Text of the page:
If you think that's a coincidence ... well, you haven't talked to Vol head man Derek Dooley. He is convinced that enrolling early is a tremendous benefit for a freshman hoping to make immediate impact at the college level.
"You're getting 15 more practices. You're getting eight weeks of offseason training," Dooley said. "So, you're getting 12 weeks of intensive training and teaching. That's a lot. That's three months of hardcore advanced work."
It should be noted that two offensive linemen who did not enroll early wound up starting games for the Vols last season. James Stone started eight times, Zach Fulton five times. They are exceptions to the rule who benefited from Tennessee's glaring lack of depth in the O-line, however. Very few freshmen are mature enough to win a starting job without the head start that comes with being an early enrollee.
"If you want to play next year and you can get six months or three months of preparation, it's pretty obvious which is going to have you better prepared come August," Dooley said. "It doesn't mean you're going to play because you're a mid-year (enrollee) but if you have the physical skills and you make the adjustments quickly, then your opportunity to play just skyrockets because you're going to be so much further ahead come fall camp."
Tennessee has six mid-term freshmen participating in spring practice this year. They are quarterback Justin Worley, tight end Brendan Downs, wide receiver Vincent Dallas, center Mack Crowder, guard Marcus Jackson and defensive back Justin Coleman. Because the roster isn't quite as depleted as it was a year ago, only Jackson is given much chance to start in 2011. Still, Dooley believes enrolling early is proving very helpful for each one.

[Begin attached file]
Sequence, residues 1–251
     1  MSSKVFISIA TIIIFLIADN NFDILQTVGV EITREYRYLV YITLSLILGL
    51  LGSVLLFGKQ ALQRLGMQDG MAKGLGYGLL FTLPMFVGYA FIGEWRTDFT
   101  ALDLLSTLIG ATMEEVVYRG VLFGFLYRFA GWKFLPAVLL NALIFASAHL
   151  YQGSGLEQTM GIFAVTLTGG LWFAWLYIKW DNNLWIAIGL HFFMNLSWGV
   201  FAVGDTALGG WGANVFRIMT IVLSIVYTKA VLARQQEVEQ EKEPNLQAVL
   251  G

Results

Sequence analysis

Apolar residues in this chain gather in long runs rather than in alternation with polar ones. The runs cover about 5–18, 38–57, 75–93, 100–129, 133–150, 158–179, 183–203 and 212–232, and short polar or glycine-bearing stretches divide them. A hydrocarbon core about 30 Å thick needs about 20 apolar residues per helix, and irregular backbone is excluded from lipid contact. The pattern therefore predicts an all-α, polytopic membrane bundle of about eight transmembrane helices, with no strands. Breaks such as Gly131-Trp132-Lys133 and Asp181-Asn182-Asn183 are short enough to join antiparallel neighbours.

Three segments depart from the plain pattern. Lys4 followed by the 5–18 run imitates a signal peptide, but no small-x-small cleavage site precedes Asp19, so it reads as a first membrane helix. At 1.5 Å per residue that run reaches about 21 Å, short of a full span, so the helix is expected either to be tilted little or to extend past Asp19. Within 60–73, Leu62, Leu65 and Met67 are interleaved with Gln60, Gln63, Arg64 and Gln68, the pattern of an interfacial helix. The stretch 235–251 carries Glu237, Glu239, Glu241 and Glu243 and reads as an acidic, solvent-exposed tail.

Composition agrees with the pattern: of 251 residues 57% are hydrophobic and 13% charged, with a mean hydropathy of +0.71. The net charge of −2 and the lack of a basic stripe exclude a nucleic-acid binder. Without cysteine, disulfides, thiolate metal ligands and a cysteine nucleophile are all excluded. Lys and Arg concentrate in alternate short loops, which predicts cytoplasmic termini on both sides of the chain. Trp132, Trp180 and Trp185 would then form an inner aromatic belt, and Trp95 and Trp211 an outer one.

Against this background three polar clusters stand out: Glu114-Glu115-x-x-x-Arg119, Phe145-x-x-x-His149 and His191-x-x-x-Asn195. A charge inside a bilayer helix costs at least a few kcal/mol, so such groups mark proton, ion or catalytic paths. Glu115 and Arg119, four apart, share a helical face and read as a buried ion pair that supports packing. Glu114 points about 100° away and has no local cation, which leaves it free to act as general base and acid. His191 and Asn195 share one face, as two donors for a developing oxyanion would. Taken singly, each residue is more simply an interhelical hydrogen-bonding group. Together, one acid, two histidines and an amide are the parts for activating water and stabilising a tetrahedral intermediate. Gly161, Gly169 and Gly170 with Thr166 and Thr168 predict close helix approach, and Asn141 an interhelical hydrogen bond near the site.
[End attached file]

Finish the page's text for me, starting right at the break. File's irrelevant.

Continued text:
"They're all doing well," the head man said, "and I think they're all going to be good contributors to the program. We're glad they're here."
That goes double for offensive coordinator Jim Chaney, who has five of the six mid-termers working on his side of the ball. He has no doubt that each is benefiting considerably from the head start.
"It helps a lot. It's immeasurable," Chaney said. "Justin Worley and I were talking about it the other day ... where he would be when he gets into fall, compared to where he is right now.
"I think primarily it's a social adjustment. He knows me, he knows how I'm going to deal with things. That's good because that's a trauma sometimes for these kids - just to understand how coaching is at this level.
"I think every one of them would think it's the best thing they ever did - coming in early. We're really fortunate because we feel like all of our kids really were ready for that step and have adapted with relative ease so far."